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Nikkei Markets

Singapore slowdown spreads, seen lasting many quarters

Central bank expects domestic demand to lend some support

SINGAPORE (Nikkei Markets) -- Singapore's central bank warned that the slowdown in the city-state's economy could continue for several quarters even as data showed some unexpected weak spots, indicating the general downtrend was gaining momentum.

In its half-yearly macroeconomic review, the Monetary Authority of Singapore painted a bleak picture of the world economy, citing weakness in developed economies that could continue into 2020.

"Broadly, the subdued prospects for global growth will weigh on the externally oriented segments in Singapore," MAS said. Further, the global electronics sector faces significant headwinds due to oversupply, which has been exacerbated as demand softens due to the uncertain business environment, MAS said.

However, steady domestic demand in the region and increased investments in digitalization would provide some support, it said. The central bank reiterated its forecast that growth would come in slightly below the midpoint of the Ministry of Trade and Industry's 1.5%-3.5% estimate for 2019.

MAS's comments come as data from the Singapore Economic Development Board showed a 4.8% fall in manufacturing output in March - the first year on year decline in 15 months - as production of electronics and precision engineering systems and components fell by double-digits.

Somewhat unexpectedly, the marine and offshore engineering industry saw output fall by 10.2% from a year ago, worsening from February's 5.0% decline. The industry showed robust growth before February's contraction as global oil companies resumed exploration and production activity.

The Urban Redevelopment Authority, meanwhile, said office rents fell 0.6% on quarter during the first three months of the year after increasingly steadily over the past one and half years even as prices of office properties continued to rise.

"The divergent performance of the office price and rental indices could be a sign that tenants are showing some resistance to higher rents in view of the uncertainties in the business outlook," said Christine Li, Cushman and Wakefield's head of research for Singapore and South East Asia.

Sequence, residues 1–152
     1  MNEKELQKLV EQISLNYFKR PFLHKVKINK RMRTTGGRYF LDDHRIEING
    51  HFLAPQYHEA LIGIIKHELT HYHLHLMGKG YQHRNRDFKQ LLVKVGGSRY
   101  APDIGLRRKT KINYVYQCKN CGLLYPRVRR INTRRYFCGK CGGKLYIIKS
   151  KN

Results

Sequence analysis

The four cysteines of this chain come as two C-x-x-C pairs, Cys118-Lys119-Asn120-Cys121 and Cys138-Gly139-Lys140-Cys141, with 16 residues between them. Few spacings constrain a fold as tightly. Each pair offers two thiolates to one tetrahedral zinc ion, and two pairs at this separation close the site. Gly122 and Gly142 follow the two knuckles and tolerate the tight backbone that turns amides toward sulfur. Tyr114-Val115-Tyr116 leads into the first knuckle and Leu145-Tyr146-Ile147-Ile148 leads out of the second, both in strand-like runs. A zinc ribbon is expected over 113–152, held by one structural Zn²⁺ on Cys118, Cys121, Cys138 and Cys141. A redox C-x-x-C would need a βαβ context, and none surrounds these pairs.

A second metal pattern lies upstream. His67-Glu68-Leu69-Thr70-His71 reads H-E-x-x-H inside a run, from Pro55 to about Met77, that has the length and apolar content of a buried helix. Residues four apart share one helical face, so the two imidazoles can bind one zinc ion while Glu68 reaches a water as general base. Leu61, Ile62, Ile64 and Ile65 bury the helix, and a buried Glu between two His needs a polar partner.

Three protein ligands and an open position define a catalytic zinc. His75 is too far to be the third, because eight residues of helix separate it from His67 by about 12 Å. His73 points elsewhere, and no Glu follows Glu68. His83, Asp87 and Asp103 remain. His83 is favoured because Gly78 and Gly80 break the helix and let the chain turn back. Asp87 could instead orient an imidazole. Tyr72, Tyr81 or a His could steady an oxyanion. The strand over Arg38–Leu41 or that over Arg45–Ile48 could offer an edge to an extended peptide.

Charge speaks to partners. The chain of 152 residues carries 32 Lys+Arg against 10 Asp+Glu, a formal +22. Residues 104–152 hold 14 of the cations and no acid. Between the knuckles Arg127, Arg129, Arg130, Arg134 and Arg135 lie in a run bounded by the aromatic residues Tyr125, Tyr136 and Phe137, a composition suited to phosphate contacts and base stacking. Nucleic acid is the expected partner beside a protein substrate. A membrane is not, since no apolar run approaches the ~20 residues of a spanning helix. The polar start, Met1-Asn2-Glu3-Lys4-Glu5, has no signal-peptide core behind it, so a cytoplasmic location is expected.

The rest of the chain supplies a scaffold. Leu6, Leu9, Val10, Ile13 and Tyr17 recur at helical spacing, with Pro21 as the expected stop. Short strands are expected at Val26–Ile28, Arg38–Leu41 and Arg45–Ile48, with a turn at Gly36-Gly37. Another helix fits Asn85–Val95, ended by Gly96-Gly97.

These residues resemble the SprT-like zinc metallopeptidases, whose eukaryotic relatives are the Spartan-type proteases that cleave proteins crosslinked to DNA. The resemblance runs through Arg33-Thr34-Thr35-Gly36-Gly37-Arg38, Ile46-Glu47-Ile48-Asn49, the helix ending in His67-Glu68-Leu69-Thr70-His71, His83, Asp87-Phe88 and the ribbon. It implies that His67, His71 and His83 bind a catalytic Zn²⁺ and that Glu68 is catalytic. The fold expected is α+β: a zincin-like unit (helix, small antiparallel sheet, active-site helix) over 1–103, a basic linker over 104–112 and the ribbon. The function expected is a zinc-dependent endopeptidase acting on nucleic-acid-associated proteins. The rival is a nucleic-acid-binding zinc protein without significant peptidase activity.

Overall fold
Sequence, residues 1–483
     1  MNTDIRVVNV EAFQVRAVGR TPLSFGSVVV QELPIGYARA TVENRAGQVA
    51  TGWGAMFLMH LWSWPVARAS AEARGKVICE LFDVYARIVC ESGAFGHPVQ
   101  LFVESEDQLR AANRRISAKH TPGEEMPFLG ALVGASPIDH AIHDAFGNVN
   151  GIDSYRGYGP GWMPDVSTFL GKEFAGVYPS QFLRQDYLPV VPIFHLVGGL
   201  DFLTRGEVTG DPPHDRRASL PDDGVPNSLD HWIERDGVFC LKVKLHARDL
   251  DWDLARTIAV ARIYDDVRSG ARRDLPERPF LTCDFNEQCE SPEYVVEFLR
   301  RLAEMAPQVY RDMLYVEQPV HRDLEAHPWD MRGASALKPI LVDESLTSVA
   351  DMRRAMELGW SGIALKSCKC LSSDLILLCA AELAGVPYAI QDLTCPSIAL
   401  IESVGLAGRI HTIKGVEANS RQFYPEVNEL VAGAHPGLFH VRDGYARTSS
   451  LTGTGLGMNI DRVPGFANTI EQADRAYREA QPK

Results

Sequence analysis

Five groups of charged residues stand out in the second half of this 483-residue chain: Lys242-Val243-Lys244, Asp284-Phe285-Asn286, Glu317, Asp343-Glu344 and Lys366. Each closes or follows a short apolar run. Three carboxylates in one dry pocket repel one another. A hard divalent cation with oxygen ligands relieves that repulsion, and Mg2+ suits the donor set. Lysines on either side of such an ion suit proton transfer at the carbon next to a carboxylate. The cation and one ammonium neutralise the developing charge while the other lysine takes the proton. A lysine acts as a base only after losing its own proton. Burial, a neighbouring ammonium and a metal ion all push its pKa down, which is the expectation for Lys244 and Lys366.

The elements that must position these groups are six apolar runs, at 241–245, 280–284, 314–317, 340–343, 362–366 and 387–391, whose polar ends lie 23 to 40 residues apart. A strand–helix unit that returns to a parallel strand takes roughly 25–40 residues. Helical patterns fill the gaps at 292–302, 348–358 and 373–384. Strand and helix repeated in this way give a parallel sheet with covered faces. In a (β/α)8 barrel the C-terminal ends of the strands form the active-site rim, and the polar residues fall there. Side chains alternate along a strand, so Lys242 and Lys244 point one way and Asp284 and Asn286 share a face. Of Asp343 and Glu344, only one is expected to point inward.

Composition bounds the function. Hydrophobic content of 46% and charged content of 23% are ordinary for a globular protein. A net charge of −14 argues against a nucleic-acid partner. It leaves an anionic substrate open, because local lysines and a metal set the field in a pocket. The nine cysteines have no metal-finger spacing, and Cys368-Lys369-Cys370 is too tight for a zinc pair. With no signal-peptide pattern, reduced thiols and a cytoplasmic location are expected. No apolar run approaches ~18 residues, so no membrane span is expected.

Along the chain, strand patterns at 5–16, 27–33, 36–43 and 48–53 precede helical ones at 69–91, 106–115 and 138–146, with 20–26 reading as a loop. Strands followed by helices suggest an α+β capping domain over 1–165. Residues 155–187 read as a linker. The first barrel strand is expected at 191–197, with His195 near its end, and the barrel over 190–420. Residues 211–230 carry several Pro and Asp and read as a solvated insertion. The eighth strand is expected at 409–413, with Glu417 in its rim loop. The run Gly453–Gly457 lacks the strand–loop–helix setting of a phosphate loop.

DBS Group Research, in a commentary, noted an exuberance in financial markets that was not supported by actual developments, such as a resolution of the conflict between the U.S. and China.

"Markets have moved well ahead of the China-U.S. trade deal and an actual revival in global trade. In fact, trade-dependent economies continue to face major headwinds with little sign of upside," the bank said.

According to EDB, output from Singapore's precision engineering cluster decreased by 13.3% in March from a year ago as factories produced fewer industrial process control and semiconductor-related equipment as well as optical and wire and cable products.

Electronics fell 15.3%, with weakness in the output of semiconductors, computer peripherals and data storage, which was hard hit as production fell 38.9% from a year ago.

Maybank Kim Eng said the electronics industry's performance was the worst in six years and consistent with the plunge in exports of electronics in March. Electronics makes up about a quarter of Singapore's manufacturing, which in turn accounts for about 20% of gross domestic product.

The brokerage said it expects MTI to downgrade its full-year growth forecast to 1.5%-2.5% from the current 1.5%-3.5% when the detailed first quarter GDP data are released in May. "Our GDP growth forecast assumes a weak manufacturing and export recovery in the second half, predicated on a U.S.-China trade deal in the coming months," Maybank Kim Eng said.

--Kevin Lim

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